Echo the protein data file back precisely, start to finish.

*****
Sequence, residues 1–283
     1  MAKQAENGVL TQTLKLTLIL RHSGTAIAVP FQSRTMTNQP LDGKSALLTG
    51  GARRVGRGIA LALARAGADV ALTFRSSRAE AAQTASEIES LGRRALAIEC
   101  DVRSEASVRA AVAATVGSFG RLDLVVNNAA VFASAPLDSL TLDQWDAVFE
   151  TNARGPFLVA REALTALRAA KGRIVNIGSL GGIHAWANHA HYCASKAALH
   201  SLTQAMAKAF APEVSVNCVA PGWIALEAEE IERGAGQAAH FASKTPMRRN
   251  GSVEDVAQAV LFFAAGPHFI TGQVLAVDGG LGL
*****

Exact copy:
Sequence, residues 1–283
     1  MAKQAENGVL TQTLKLTLIL RHSGTAIAVP FQSRTMTNQP LDGKSALLTG
    51  GARRVGRGIA LALARAGADV ALTFRSSRAE AAQTASEIES LGRRALAIEC
   101  DVRSEASVRA AVAATVGSFG RLDLVVNNAA VFASAPLDSL TLDQWDAVFE
   151  TNARGPFLVA REALTALRAA KGRIVNIGSL GGIHAWANHA HYCASKAALH
   201  SLTQAMAKAF APEVSVNCVA PGWIALEAEE IERGAGQAAH FASKTPMRRN
   251  GSVEDVAQAV LFFAAGPHFI TGQVLAVDGG LGL